[4] E. Altman, “Financial Ratios, Discriminant Analysis and the Prediction of Corporate Bankruptcy,” Journal of Finance, Vol. 23, No. 4, 1968, pp. 569-609.

[5] L. Pilotti, “Le Strategie dell’Impresa,” Carocci, Roma, 2005.

[6] R. M. Grant, “Toward a Knowledge-Based Theory of the Firm,” Strategic Management Journal, Vol. 17, No. Spe- cial Issue, 1996, pp. 109-122.

[7] J. A. Schumpeter, “Business Cycles,” McGraw-Hill Book Company, New York, 1939.

[8] A. Pagani, “Il nuovo imprenditore,” Franco Angeli, Mila- no, 1967.

[9] M. Haller, “New Dimension of Risk: Consequences Management,” The Geneva Papers on Risk and Insurance, Vol. 3, 1978, pp. 3-15.

[10] G. Dickinson, “Enterprise Risk Management: Its Origin and Conceptual Foundation,” The Geneva Papers on Risk and Insurance, Vol. 26, No. 3, 2001.

[11] E. Rullani, “Economia del rischio e seconda modernità,” In S. Maso, Ed., Il rischio e l’anima dell’Occidente, Cafoscarina, Venezia, 2005, pp. 183-202.

[12] G. M. Mantovani, “Rischio e valore dell’impresa. L’ap- proccio contingent claim della finanza aziendale,” Egea, Milano, 1998.

[13] G. M. Golinetti, L. Proietti and G. Vagnani, “L’azione di governo tra competitività e consonanza,” In G. M. Golinelli, Ed., Verso la scientificazione dell’azione di governo. L’approccio sistemico al governo dell’impresa, Cedam, Padova, 2008.

[14] L. Proietti, “Rischio e conoscenza nel governo dell’impre- sa,” Sinergie rivista di studi e ricerche, Vol. 76, 2008, pp. 191-215.

[15] BIS, “International Convergence of Capital Measurement and Capital Standards,” Basel Committee on Banking Su- pervision, 2004.

[16] P. Davidson, “Money and the Real World,” The Economic Journal, Vol. 82, No. 325, 1972, pp. 101-115.

[17] P. Streeten, “The Cheerful Pessimist: Gunnar Myrdal the Dissenter (1898-1987),” World Development, Vol. 26, No. 3, 1998, pp. 539-550.

[18] K. J. Arrow, “Alternative Approaches to the Theory of Choice in Risk-Taking Situations,” Econometria, Vol. 19, 1951, pp. 404-437.

[19] H. M. Markowitz, “Foundation of Portfolio Theory,” Jour- nal of Finance, Vol. 46, No. 2, 1991, pp. 469-477.

[20] U. Beck, “Risk Society: Towards a New Modernity,” Sage, London, 1992.

[21] D. Elliott and D. Smith, “Football Stadia Disaster in the UK: Learning from Tragedy,” Industrial and Environ- mental Crisis Quarterly, Vol. 7, No. 3, 1993, pp. 205-229.

[22] D. Smith, “Business (not) as Usual: Crisis Management, Service Recovery and the Vulnerability of Organizations,” Journal of Services Marketing, Vol. 19, No. 5, 2005, pp. 309-320.

[23] P. M. Allen and M. Strathern, “Evolution, Emergence and Learning in Complex systems,” Emergence, Vol. 5, No. 4, 2003, pp. 8-33.

[24] D. Smith, “Beyond Contingency Planning: Towards a Model of Crisis Management,” Industrial Crisis Quarterly, Vol. 4, No. 4, 1990, pp. 263-275.

[25] D. Smith, “On a Wing and a Prayer? Exploring the Human Components of Technological Failure,” Systems Research and Behavioral Science, Vol. 17, No. 6, 2000, pp. 543-559.

[26] J. T. Reason, “The Contribution of Latent Human Failures to the Breakdown of Complex Systems,” Philosophical Transactions of the Royal Society of London, Series B, Vol. 327, No. 1241, 1990, pp. 475-484.

[27] J. T. Reason, “Managing the Risks of Organizational Acci- dent,” Ashgate, Aldershot, 1997.

[28] C. Sipika and D. Smith, “From Disaster to Crisis: The Failed Turnaround of Pan American Airlines,” Journal Contingencies and Crisis Management, Vol. 1, No. 3, 1993, pp. 138-151.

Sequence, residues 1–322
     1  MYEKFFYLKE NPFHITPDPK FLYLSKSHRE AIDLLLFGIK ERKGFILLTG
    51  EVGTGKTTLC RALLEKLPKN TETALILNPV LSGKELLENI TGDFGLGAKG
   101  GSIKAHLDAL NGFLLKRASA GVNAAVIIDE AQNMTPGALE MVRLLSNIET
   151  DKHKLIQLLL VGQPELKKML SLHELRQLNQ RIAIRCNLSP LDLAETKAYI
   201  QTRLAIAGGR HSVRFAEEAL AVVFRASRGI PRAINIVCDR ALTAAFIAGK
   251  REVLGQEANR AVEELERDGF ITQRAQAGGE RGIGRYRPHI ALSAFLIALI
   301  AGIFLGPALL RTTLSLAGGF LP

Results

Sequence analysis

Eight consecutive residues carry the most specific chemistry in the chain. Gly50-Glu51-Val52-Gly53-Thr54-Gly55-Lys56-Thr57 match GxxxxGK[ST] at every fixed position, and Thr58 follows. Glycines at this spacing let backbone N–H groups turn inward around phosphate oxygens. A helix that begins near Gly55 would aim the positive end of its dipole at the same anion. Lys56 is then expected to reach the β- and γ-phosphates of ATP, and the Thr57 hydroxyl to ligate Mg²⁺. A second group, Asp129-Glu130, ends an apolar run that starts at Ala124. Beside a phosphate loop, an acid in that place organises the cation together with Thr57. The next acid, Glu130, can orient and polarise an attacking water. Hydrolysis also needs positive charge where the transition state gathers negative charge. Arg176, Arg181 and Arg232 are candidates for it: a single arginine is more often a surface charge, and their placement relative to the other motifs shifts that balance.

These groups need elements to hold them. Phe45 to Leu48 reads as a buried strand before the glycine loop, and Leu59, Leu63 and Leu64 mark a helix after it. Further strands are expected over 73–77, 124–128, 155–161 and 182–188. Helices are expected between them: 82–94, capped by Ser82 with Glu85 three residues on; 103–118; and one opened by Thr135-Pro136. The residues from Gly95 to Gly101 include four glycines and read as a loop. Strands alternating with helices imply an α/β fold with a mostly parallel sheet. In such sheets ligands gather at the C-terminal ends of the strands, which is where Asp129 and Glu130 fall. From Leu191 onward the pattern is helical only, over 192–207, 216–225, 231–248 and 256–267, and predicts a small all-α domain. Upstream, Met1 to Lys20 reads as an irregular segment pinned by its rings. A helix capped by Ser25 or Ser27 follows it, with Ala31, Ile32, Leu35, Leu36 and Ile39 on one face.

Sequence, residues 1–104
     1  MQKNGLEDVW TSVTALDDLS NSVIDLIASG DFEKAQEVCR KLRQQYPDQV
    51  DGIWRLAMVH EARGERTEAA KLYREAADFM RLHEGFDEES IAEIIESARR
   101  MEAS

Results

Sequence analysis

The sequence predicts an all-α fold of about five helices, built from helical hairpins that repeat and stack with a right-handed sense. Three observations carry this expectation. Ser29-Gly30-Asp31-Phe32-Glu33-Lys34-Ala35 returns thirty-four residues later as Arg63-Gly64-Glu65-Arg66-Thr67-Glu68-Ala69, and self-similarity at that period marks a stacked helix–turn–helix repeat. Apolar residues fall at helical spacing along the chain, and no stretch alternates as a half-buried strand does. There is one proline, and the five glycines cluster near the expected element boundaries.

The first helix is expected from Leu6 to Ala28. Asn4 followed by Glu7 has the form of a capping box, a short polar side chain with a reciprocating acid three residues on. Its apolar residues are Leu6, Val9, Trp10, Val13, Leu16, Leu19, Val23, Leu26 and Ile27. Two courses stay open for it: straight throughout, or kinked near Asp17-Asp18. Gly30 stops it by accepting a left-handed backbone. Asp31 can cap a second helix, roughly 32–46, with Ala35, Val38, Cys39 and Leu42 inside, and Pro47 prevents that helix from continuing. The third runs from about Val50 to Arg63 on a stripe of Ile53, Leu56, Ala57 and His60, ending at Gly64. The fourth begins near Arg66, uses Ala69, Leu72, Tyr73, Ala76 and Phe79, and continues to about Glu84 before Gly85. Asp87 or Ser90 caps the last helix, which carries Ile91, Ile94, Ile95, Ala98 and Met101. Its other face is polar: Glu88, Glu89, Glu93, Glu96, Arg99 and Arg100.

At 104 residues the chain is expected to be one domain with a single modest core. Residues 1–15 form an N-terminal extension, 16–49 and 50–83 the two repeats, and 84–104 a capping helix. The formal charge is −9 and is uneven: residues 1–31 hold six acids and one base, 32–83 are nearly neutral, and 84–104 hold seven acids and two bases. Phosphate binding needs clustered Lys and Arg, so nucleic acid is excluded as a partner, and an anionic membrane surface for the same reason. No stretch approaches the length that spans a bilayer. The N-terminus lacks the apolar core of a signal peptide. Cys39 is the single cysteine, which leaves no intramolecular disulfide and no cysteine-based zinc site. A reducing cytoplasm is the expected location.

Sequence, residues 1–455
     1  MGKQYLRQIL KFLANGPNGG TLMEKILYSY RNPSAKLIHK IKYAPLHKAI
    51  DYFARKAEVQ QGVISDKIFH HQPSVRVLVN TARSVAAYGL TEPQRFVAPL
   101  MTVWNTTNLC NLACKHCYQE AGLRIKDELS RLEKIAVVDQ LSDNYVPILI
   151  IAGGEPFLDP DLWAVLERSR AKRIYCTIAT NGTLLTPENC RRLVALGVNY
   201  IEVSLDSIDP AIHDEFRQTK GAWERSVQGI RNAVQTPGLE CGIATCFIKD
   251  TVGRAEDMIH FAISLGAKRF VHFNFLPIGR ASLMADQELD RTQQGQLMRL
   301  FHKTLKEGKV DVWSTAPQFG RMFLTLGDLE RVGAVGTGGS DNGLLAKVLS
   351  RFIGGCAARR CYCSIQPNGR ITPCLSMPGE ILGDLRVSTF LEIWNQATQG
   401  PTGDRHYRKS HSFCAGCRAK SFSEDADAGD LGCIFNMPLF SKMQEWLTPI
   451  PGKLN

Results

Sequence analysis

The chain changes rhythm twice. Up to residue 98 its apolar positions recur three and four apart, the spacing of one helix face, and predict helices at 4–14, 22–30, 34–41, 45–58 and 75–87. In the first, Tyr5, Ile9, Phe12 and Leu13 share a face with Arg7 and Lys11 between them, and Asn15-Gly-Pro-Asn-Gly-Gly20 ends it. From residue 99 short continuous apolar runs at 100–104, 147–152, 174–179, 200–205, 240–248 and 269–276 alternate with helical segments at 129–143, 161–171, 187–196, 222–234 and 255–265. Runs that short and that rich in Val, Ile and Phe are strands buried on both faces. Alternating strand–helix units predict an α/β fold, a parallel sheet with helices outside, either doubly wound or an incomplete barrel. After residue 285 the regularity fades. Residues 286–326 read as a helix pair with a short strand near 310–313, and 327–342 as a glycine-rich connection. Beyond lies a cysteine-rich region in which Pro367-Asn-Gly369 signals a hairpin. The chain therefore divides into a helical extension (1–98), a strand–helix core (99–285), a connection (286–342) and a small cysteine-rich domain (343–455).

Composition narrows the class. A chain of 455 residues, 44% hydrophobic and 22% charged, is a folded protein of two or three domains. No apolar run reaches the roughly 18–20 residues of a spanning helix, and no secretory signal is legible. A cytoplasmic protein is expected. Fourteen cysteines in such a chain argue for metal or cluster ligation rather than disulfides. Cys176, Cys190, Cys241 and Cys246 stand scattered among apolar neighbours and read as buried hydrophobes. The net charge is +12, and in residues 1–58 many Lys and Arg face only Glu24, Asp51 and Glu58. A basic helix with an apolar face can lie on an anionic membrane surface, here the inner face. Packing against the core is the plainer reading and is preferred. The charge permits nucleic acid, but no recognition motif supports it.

[29] L. G. Epstein, “A definition of Uncertainty Aversion,” Review of Economic Studies, Vol. 66, No. 3, 1999.

[30] F. Knight, “Risk, Uncertainty and Profit,” Houghton Mifflin, Boston and New York, 1921.

[31] D. Pace, “Economia del rischio. Antologia di scritti su rischio e decisione economica,” Giuffrè, 2004.

[32] J. V. Neumann and O. Morgenstern, “Theory of Games and Economic Behavior,” Princeton University Press, 1944.

[33] J. M. Keynes, “The General Theory of Employment, Interest and Money,” Macmillan, New York, 1936.

[34] J. M. Keynes, “A Treatise on Probability,” Macmillan, New York, 1921.

[35] N. N. Taleb and A. Pilpel, “On the Unfortunate Problem of the Nonobservability of the Probability Distribution,” 2004. http://www.fooledbyrandomness.com/knowledge.pdf

[36] R. Lowenstein, “When Genius Failed: The Rise and Fall of Long-Term Capital Management,” Random House, New York, 2000.

[37] M. J. Machina and D. Schmeidler, “A More Robust Definition of Subjective Probability,” Econometrica, Vol. 60, No. 4, 1992, pp. 745-780.

[38] J. Neslehová, P. Embrechts and V. Chavez-Demoulin, “Infinite-Mean Models and the LDA for Operational Risk,” Journal of Operational Risk, Vol. 1, No. 1, 2006, pp. 3-25.

[39] P. Embrechts and G. Samorodnitsky, “Ruin Problem and How Fast Stochastic Processes Mix,” The Annals of Applied Probability, Vol. 13, No. 1, 2003, pp. 1-36.

[40] S. Iacus and D. L. Torre, “Approximating Distribution Functions by Iterated Function Systems,” Journal of Applied Mathematics and Decision Sciences, Vol. 2005, No. 1, 2005, pp. 33-46.

[41] M. Moscadelli, “The Modelling of Operational Risk: Ex- perience with the Analysis of the Data Collected by the Basel Committee,” Temi di discussione, No. 517, 2004.

[42] M. Barnsley and L. Hurd, “Fractal Image Compression,” AK Peters. Ltd, Wellesley, MA, 1993.

[43] B. Forte and E. Vrscay, “Inverse Problem Methods for Generalized Fractal Transforms,” In: Y. Fisher, Ed., Fractal Image Encoding and Analysis, Springer-Verlag, Trond- heim, 1995.

[44] A. J. McNeil, R. Frey and P. Embrechts, “Quantitative Risk Management: Concepts, Techniques, and Tools,” Princeton University Press, Princeton, 2005.